“The sea, the sea, the open sea;
The blue, the fresh, the ever free,”
chanted the fresh and delicious voice of a young girl walking along the
sands of the seashore in the summer sunshine at Cape May.
“Cross my palm with silver, and I’ll tell your fortune, bonnie maid,”
said a cracked, discordant voice.
The singer paused abruptly, and looked at the owner of the voice–a
lean, decrepit old hag, who extended her withered hand imploringly.
“Nay, now, good soul,” answered she, with a merry laugh, “fortune will
come to me anyway, even if I keep my silver piece.”
“Aye–aye, it will,” said the old crone, wagging her head like a bird
of evil omen; “it aye comes to faces as bonny as your own. But it’s I
that can tell you whether it be good or ill fortune.”
“Here, then,” said the girl, still laughing, and putting a silver piece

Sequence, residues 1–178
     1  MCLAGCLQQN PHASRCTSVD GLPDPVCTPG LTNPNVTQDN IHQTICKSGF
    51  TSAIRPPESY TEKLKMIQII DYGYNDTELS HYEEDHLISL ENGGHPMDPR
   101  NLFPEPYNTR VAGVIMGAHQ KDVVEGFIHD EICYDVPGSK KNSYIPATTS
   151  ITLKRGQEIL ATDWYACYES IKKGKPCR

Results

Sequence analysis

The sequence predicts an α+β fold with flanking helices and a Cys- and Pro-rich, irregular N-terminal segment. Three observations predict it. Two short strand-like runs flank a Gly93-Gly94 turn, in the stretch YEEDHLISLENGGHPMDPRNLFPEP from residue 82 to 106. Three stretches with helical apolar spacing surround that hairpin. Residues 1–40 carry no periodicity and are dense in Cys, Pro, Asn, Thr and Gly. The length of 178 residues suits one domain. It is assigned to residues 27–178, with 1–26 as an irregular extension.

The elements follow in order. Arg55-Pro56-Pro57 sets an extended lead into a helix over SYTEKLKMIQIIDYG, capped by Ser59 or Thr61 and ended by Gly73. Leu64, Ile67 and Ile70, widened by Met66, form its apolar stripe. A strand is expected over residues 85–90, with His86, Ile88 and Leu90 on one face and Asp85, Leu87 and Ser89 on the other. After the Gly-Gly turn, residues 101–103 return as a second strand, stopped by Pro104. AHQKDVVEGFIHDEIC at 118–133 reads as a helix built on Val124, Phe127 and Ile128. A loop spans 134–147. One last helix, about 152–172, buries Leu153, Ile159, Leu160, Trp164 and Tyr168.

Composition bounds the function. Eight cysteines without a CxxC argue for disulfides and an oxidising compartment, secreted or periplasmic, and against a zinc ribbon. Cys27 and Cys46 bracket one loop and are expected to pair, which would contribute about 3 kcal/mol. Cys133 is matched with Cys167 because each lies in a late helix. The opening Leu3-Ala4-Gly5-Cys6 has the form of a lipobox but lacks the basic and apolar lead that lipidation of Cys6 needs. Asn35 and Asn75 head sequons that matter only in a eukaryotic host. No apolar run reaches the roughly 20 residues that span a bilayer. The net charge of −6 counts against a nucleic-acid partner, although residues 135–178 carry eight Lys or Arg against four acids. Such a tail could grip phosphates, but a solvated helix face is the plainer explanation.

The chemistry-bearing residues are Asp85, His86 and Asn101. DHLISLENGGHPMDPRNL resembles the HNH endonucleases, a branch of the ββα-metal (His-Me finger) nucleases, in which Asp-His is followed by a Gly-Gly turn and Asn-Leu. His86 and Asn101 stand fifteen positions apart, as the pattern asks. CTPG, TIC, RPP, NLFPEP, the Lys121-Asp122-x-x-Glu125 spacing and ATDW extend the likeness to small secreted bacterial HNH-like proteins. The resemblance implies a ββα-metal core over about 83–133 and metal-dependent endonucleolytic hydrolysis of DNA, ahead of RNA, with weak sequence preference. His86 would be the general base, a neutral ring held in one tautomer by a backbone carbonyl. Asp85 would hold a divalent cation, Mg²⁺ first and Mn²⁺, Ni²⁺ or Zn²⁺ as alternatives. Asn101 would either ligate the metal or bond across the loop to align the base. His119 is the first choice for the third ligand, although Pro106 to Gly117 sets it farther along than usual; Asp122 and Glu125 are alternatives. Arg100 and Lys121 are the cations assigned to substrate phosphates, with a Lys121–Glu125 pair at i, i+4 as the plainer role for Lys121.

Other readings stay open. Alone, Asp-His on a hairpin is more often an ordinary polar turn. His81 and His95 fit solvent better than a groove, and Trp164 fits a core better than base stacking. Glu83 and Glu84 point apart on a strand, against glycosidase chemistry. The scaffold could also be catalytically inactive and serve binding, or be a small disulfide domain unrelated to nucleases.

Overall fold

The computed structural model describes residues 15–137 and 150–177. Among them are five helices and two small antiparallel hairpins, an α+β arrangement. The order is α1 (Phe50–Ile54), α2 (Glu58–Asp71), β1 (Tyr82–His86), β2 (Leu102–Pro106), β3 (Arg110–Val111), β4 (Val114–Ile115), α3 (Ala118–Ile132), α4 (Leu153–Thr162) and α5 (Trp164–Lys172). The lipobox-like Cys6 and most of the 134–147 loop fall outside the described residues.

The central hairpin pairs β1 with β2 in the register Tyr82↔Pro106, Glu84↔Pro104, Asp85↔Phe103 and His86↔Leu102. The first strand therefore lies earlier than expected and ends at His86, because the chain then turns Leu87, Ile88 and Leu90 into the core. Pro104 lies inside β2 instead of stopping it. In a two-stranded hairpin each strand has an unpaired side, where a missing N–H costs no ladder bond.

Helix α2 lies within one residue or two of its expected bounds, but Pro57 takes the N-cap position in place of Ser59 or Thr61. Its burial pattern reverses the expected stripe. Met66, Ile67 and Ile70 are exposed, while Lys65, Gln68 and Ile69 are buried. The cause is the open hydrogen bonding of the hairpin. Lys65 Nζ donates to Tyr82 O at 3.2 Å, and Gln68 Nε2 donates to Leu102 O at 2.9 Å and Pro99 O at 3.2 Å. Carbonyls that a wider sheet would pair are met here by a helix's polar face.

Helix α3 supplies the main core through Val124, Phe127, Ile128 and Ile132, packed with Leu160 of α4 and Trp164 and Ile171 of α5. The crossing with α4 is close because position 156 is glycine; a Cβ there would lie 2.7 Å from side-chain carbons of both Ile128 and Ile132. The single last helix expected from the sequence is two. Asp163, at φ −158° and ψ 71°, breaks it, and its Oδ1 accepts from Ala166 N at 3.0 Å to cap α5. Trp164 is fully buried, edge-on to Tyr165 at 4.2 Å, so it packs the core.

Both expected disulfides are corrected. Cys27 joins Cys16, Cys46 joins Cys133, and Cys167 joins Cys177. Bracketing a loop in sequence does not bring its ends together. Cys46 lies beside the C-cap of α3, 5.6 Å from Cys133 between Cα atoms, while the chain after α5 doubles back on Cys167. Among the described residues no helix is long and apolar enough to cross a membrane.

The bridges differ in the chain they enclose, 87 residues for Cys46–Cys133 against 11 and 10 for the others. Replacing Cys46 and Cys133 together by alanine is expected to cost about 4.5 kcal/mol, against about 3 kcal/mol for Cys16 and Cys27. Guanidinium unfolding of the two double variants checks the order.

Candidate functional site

into the trembling old hand; “be cheerful, now, and tell me a brave
fortune for my money.”
The old sibyl did not appear to relish the light and jesting tone
of the other, and stood for a moment gazing at her in grave and
What a contrast the two presented as they stood looking at each other!
The girl was beautiful, with all the delicate freshness and slimness of
eighteen. She was a dazzling blonde, with sea-blue eyes, and hair like
spun gold falling beneath her jaunty sailor hat in long, loose curls
to her graceful waist. She was fair as a lily, with a flush like the
heart of a sea-shell on her round, dimpled cheeks. Her brow was fair
and broad, and fringed with soft, childish rings of sunny hair. Her
nose was small and straight; her mouth was curved like Cupid’s bow, its
short, exquisite upper lip lending a touch of archness to the patrician
mold of her features. The small, delicately shaped hands and feet were
in keeping with the rare beauty of her face and form. She was simply
clad in a jaunty sailor costume of dark blue serge trimmed with white
braid and pearl buttons, and carried a volume of poems in her gloved
As contrasted with this peerless beauty and youthful grace the old